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Courtesy nordicgrrl...

the high gas prices pic

I guess it's a good time to be in the midwest, those prices are just a bit higher than we're paying out here yet. (I think we're still under $2 for 87 octane? Or else we just barely broke that...)


( 11 comments — Leave a comment )
(Deleted comment)
May. 18th, 2004 02:33 pm (UTC)
I saw 2.33 for Regular here the other day...
May. 18th, 2004 02:51 pm (UTC)
Regular (87) seems to be a touch over $2 in the boston area, maybe as high as $2.15 at the more scam-artist locations.

I *heart* my 46-MPG car. I also *heart* driving occasionally rather than regularly. So I'm going to keep filling up with 93.
May. 18th, 2004 03:16 pm (UTC)
What kind of car do you have that gets 46 MPG and wants to drink premium?
May. 18th, 2004 03:24 pm (UTC)
I probably don't need to buy expensive gas; I picked up a probably-irrational belief somewhere that it's a little nicer on the engine (a belief I may have picked up from my first car, a 1979 model). I don't actually think I'm at risk for knocking with 87, but with a 14-year-old car, I'm more willing to believe that things will break.

And on average I buy a tank of gas every five weeks, so it's totally in the noise of car-ownership costs.
May. 18th, 2004 05:04 pm (UTC)
Hmm. So I guess the only thing that would be likely to make your car start knocking because it's old would be if the compression ratio increased. And I think that is actually possible if you get carbon deposits in the cylinders.

I'm still curious what kind of car you have that gets 46 miles a gallon. Though now I have a vague recollection that maybe it's some sort of small Honda?

I miss my little Civic Hatchback, which got 40 on the highway on 87 octane (it got stolen and stripped for parts last fall, and is no more.) Now I'm driving my grandparents' old car (they're alive and relatively well but no longer driving.) It's a Toyota Avalon, is huge by comparison, and doesn't get nearly the same mileage. It seems to get about 25 mpg on long trips on regular. The manual suggests that it performs better on 91 octane, though, so I'm experimenting to see if I get enough better gas mileage to make it worth it. The price gap between regular and premium seems not to have proportionally increased as much as the base gas prices, so I guess the more expensive things get, the more likely it is to be worth it.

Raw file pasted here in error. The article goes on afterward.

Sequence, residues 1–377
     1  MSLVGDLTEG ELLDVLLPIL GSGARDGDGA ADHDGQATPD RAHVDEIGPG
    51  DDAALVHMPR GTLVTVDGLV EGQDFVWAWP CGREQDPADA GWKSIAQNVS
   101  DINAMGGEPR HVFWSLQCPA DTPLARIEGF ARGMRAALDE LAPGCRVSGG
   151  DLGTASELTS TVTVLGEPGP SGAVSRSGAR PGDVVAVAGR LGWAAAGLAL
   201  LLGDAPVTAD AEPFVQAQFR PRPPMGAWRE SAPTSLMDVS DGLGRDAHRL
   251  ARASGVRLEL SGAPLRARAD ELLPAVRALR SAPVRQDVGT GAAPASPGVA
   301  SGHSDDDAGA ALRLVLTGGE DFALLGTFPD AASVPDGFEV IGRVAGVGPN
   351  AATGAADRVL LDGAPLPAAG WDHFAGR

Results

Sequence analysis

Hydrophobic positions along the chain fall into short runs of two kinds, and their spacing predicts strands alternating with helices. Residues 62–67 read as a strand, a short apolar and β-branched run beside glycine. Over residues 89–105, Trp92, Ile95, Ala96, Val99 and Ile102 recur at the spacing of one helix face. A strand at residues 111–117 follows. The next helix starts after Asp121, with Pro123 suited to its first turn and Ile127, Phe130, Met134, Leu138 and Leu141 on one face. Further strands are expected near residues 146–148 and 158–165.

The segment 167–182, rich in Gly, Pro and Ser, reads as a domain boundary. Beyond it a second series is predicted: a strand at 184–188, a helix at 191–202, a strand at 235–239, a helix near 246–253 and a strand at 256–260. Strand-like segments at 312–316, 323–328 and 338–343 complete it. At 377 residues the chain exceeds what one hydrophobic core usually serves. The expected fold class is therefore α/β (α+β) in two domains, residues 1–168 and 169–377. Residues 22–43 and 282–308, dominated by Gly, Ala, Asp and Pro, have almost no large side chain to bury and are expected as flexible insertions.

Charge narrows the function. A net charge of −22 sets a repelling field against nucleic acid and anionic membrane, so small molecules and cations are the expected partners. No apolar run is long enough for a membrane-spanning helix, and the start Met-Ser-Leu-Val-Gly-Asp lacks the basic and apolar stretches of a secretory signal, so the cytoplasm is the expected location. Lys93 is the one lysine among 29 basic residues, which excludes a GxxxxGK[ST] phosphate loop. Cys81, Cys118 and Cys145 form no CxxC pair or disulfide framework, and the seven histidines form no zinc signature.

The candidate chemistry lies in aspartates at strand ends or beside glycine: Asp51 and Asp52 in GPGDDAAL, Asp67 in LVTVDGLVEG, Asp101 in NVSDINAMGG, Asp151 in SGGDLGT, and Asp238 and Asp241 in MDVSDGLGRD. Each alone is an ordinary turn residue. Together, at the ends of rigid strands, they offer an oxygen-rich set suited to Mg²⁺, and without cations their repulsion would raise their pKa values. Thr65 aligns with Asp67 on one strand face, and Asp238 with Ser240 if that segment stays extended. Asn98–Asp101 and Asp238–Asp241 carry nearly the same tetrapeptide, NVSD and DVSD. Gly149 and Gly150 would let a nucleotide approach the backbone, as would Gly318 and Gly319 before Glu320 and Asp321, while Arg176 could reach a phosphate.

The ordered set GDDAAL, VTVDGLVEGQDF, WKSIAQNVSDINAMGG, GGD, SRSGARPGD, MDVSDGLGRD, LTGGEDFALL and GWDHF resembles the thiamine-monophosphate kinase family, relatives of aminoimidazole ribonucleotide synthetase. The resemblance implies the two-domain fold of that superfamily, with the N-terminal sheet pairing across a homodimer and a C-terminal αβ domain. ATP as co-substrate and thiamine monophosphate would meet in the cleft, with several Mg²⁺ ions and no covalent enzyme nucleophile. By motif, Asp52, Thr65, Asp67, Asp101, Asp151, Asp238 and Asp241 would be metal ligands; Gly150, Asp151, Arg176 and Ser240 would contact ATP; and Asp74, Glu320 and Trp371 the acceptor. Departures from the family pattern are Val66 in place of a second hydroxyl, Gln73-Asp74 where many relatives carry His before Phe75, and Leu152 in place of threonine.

May. 18th, 2004 05:09 pm (UTC)
The carbon deposit thing is what I had read about and that worries me about older cars, though things like that are likely less of an issue with a car that has electronic engine control instead of an old-fashioned mechanical arrangement, like my '79 Datsun.

1989 CRX HF, the ultra-high-milage model where they took out heavy things like the sunroof and rear wiper. 46 is the highway number; I haven't checked straight city numbers in a while... mostly because I always seem to go on a road trip somewhere before I use up a tank in the city. The big downside is that it's only a two-seater.
May. 18th, 2004 05:35 pm (UTC)
My understanding is that if the engine isn't a spiffy expensive engine, optimized for the higher octane, the expensive gas is irrelevant. But I haven't heard talk of these carbon deposits.
May. 18th, 2004 05:48 pm (UTC)
In general that's true. And I think that with a car not designed for higher octane, the premium gas isn't nicer to it unless it's knocking. And if it's starting to knock (possibly because of said engine deposits, but Honda engines tend to easily last a couple hundred thousand miles on regular, so probably not a problem in this case) then you can probably hear it, and use higher octane for a while until the problem gets too bad.
May. 18th, 2004 05:51 pm (UTC)
It's my understanding that in newer higher performance engines, like my current car's, there's a knock sensor, and when the engine detects premature combustion, it advances the spark timing, with some attendant loss of power and efficiency. Some car manuals say that you can run it on lower octane but really shouldn't too often, whereas mine just says that you should use 91 for better performance. So probably my engine is rated for and will last a long time with 87 and slightly advanced spark timing, but this is a case where 91 probably is easier on it in the long run. On the other hand, my car is a '96 with only 35,000 miles on it, and at the 10,000-15,000 miles a year I put on it, I bet it will rust away long before the engine gives.
May. 18th, 2004 03:17 pm (UTC)
I paid $1.97 a gallon for 86 octane on my way out to my errands.
On the way back the same station was now selling it for $2.03.
( 11 comments — Leave a comment )